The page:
China's central bank cuts reserve ratios to boost sagging economy
In an unexpected policy shift, China's central bank said Wednesday that it would cut the amount of money banks must hold in reserve, a move aimed at boosting liquidity in the country's slowing economy.
The step comes after a year of tightening to rein in inflation and growing debt levels in an economy that still grew 9.1% from a year earlier in the third quarter.
"Today's surprise reserve ratio cut marks the start of an across-board easing policy for China," Qu Hongbin, an economist for HSBC, wrote in a note Wednesday. "This, plus tax cuts and additional fiscal spending should help keep China on track for a soft-landing."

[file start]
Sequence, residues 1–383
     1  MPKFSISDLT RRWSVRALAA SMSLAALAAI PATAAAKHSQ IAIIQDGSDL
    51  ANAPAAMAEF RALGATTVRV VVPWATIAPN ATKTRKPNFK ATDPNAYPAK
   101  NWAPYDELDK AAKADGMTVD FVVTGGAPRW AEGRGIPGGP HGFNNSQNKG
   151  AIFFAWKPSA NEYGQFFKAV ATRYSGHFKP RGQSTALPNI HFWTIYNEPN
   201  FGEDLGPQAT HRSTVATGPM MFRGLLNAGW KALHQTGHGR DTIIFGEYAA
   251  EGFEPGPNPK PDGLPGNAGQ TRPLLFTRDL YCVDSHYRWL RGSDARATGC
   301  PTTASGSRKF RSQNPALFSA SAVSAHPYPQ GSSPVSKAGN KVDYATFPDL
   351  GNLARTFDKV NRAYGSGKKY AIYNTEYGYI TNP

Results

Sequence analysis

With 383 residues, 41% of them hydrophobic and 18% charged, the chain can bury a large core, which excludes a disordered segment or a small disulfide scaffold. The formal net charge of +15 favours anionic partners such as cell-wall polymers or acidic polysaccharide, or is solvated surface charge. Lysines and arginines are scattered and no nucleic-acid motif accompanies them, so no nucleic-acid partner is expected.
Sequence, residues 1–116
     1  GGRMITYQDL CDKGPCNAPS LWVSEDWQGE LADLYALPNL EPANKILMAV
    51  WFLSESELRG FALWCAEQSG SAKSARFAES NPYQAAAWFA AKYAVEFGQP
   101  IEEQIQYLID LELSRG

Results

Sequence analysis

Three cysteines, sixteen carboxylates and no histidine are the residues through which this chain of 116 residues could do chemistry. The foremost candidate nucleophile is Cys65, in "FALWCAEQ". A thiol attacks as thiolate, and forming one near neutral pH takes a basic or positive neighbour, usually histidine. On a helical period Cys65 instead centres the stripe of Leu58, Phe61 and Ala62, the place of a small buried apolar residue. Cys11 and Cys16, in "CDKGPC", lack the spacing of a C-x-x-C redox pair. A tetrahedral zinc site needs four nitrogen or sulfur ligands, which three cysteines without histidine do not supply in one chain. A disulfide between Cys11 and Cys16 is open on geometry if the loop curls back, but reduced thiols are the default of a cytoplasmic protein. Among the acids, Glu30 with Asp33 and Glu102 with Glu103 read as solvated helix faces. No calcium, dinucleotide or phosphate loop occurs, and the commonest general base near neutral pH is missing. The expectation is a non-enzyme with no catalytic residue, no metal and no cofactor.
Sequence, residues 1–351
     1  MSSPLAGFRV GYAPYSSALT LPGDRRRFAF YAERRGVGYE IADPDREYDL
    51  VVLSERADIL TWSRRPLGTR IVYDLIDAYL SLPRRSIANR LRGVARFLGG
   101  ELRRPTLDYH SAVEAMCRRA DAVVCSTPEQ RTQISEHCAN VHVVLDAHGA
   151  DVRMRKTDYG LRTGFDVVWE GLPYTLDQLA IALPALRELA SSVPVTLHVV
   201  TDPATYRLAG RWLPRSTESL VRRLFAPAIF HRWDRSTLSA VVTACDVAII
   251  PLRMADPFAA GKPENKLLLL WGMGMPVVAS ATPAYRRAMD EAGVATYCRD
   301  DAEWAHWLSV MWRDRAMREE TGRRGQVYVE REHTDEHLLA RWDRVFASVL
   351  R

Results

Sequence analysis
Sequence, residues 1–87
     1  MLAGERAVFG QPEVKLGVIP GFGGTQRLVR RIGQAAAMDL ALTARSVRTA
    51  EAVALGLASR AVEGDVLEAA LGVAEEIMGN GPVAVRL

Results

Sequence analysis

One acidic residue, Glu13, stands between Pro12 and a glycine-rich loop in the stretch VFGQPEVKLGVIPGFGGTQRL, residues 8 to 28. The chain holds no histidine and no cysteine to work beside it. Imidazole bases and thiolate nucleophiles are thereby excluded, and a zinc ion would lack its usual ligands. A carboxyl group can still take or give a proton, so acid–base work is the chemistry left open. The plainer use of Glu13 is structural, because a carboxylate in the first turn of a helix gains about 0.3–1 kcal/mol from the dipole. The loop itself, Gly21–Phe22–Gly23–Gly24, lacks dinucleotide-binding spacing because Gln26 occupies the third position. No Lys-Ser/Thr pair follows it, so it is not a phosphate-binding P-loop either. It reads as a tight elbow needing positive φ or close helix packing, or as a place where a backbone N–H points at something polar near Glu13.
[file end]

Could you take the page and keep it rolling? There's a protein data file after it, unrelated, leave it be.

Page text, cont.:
The People's Bank of China said it would lower the so-called reserve ratio requirements of large commercial banks by 0.5 percentage points starting Dec. 5., the first such move since December 2008.
The move allows banks to inject more credit into the economy, which has been feeling the effects of declining export orders from the West and plunging property transactions because of government cooling measures.
"More important though is the signal this gives to the markets and to investors," Mark Williams, chief Asia economist for Capital Economics, wrote in a note to clients Wednesday. "The fact that [the central bank] chose to act in this more public way is a signal not only that policymakers are loosening but that they want to be seen to be doing so."
The cut suggests policymakers are confident that inflation will taper off in the coming months. The nation's inflation rate grew by 5.5% in October from a year earlier, well below a three-year peak in July of 6.5%.
In the last year, the central bank has raised reserve requirement ratios six times and the benchmark interest rate three times.
-- David Pierson in Beijing
Photo: A Chinese bank clerk counts notes. Credit: Zhong Min / EPA